When Brian Wilson, the genius incarnate of the Beach Boys was once asked how to describe their pop masterpiece 'Pet Sounds', he simply replied that they were making 'witchcraft music.'
For the next twenty five years, it was a hex that landed squarely on his shoulders, forcing him into self-exiled retirement. He would recover eventually from his psychosis and drug related problems but by then the Californian band’s legacy had diminished somewhat, given that the surviving members of the band simply weren't able to replace their absent composer with a songwriter of the same brilliance.
Like all great stories however, there was a twist in the tale and it came from the most unlikeliest of sources. Step forward Dennis Wilson. The band’s drummer and in truth the only member of the band to fully embrace their surf and Californian utopia existence. Dennis was the handsome, all American boy staring out from the back covers of Beach Boys records like Paul Newman. He also had a serious songwriting talent too. Originally used sporadically by his brother Brian in their original recordings due to his limited drumming style, he was still a huge fan of his brother’s complicated and stylish compositions and would study him at work endlessly. Brian was in fact his older brother as well as his classic hero. As the Boys Boys melted down into litigation and lawsuits over the years, mainly aimed at the errant singer, Dennis steadfastly refused to be involved. It upset him immensely to see his older sibling treated that way and if anyone outside the family dared to criticise Brian, Dennis wasn't beyond beating the shit out of them.
With the Beach Boys struggling for hits and any sort of critical acclaim though, even Dennis was forced to admit his brother’s self imposed exile was permanent and began to take over songwriting duties for the band. His subsequent compositions were surprisingly brilliant, shifting the Beach Boys from the beatific pop of their heyday into bluesy and more psychedelic waters. With California evolving from a surf-land into an acid soaked heartland of the American dream, Dennis Wilson was able to tap into the coda of the day and move elegantly with the times. The accusation that the Beach Boys were a band stuck in a moment in time could no longer be aimed at the poster boys of innocent American pop.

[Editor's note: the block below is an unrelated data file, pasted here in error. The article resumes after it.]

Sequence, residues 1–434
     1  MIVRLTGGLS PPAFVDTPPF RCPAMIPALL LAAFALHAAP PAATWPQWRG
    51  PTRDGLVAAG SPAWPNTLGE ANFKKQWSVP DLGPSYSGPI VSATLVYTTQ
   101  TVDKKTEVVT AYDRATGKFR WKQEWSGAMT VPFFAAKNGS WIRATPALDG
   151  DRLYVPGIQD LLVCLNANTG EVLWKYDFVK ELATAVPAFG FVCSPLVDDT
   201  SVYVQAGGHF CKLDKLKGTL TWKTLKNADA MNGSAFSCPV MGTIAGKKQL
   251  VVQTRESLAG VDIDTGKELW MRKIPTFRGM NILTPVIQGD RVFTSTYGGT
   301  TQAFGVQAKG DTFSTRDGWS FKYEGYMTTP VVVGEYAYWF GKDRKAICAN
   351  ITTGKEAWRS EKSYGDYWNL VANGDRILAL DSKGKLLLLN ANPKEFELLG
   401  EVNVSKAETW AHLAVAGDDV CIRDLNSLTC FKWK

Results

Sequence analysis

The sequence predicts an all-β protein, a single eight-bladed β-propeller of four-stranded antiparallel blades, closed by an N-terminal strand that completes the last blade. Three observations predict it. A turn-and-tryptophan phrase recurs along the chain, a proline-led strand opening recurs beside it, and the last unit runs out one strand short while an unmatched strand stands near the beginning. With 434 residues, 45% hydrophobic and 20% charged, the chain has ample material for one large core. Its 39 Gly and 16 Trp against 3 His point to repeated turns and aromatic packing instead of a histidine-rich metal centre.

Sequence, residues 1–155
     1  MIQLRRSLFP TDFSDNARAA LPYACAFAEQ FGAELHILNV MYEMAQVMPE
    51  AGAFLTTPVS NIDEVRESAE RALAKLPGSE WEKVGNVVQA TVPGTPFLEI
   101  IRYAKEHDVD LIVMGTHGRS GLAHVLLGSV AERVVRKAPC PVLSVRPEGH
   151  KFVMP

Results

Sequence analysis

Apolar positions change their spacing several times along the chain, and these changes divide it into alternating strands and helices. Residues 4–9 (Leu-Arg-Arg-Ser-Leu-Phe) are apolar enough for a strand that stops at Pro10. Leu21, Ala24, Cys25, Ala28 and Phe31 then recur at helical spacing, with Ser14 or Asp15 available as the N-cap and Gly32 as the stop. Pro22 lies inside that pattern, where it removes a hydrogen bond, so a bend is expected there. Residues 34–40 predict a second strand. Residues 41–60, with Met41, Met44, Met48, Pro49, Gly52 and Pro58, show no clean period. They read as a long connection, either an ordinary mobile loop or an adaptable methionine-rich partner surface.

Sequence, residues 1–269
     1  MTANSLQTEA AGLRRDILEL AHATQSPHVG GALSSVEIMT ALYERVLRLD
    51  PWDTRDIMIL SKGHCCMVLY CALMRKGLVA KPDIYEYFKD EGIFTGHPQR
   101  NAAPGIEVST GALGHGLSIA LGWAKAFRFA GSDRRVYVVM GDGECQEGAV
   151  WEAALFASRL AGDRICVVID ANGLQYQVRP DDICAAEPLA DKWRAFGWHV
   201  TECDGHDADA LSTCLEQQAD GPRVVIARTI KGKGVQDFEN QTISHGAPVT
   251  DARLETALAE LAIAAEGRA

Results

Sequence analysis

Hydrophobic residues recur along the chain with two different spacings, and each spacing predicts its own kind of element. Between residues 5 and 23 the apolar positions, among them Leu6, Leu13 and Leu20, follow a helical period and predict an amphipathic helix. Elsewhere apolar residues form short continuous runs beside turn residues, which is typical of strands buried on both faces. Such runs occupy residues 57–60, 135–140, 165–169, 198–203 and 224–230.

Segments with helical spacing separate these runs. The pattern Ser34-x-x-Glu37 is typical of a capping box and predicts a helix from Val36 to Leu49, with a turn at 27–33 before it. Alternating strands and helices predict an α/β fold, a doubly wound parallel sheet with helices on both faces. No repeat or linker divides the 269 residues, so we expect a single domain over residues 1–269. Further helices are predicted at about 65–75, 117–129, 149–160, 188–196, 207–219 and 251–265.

In 1969 however, Dennis Wilson was about to discover how dark that acid soaked California could be. Much like his brother Brian, who had succumbed to whispering demonic voices during the 'Smile' sessions (the follow up to 'Pet Sounds'), Dennis was seemingly about to shake hands with Satan himself. He had been introduced that year to an enigmatic and ambitious songwriter called Charles Manson, who was desperate to break into the music business at any costs. Impressed by his music, Wilson gave Manson a helping hand in the business, even including an original Manson composition ('Cease To Exist ') on the Beach Boys album '20/20.' Wilson even allowed Manson to move into his beach side mansion, but increasingly he was becoming disturbed by Manson’s rages and the disturbing imagery in his lyrics. Eventually he solved the problem by simply moving out of his own property and leaving Manson there. Just in time too. Manson’s notoriety was about to explode with the infamous 'Sharon Tate Murders' and he was planning to murder Dennis Wilson too. He had a bullet delivered to the singer’s record producer with a strange, cryptic message on it. Unsurprisingly the singer went into hiding and would never again discuss the incident on record.